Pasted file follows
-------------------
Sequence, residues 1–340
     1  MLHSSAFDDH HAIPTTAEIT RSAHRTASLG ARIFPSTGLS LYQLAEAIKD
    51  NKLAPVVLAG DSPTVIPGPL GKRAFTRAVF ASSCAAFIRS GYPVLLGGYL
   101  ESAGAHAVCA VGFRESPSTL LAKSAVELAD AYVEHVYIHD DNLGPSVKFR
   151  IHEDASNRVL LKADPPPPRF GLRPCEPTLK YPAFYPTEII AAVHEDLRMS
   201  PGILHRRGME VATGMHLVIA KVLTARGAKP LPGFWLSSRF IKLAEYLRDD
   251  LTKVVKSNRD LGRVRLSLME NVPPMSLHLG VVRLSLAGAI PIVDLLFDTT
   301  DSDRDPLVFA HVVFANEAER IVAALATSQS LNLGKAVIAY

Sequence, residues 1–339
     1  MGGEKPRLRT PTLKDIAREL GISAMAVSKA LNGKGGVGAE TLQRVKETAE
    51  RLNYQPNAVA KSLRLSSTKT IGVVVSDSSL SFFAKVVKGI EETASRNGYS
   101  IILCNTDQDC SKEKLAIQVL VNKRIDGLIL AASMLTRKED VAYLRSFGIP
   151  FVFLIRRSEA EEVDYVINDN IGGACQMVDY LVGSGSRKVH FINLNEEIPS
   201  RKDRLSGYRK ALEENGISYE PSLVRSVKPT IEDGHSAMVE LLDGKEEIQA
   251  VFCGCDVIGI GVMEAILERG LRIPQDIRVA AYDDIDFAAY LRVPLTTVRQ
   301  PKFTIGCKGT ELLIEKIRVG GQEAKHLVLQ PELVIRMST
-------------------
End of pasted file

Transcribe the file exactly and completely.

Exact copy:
Sequence, residues 1–340
     1  MLHSSAFDDH HAIPTTAEIT RSAHRTASLG ARIFPSTGLS LYQLAEAIKD
    51  NKLAPVVLAG DSPTVIPGPL GKRAFTRAVF ASSCAAFIRS GYPVLLGGYL
   101  ESAGAHAVCA VGFRESPSTL LAKSAVELAD AYVEHVYIHD DNLGPSVKFR
   151  IHEDASNRVL LKADPPPPRF GLRPCEPTLK YPAFYPTEII AAVHEDLRMS
   201  PGILHRRGME VATGMHLVIA KVLTARGAKP LPGFWLSSRF IKLAEYLRDD
   251  LTKVVKSNRD LGRVRLSLME NVPPMSLHLG VVRLSLAGAI PIVDLLFDTT
   301  DSDRDPLVFA HVVFANEAER IVAALATSQS LNLGKAVIAY

Sequence, residues 1–339
     1  MGGEKPRLRT PTLKDIAREL GISAMAVSKA LNGKGGVGAE TLQRVKETAE
    51  RLNYQPNAVA KSLRLSSTKT IGVVVSDSSL SFFAKVVKGI EETASRNGYS
   101  IILCNTDQDC SKEKLAIQVL VNKRIDGLIL AASMLTRKED VAYLRSFGIP
   151  FVFLIRRSEA EEVDYVINDN IGGACQMVDY LVGSGSRKVH FINLNEEIPS
   201  RKDRLSGYRK ALEENGISYE PSLVRSVKPT IEDGHSAMVE LLDGKEEIQA
   251  VFCGCDVIGI GVMEAILERG LRIPQDIRVA AYDDIDFAAY LRVPLTTVRQ
   301  PKFTIGCKGT ELLIEKIRVG GQEAKHLVLQ PELVIRMST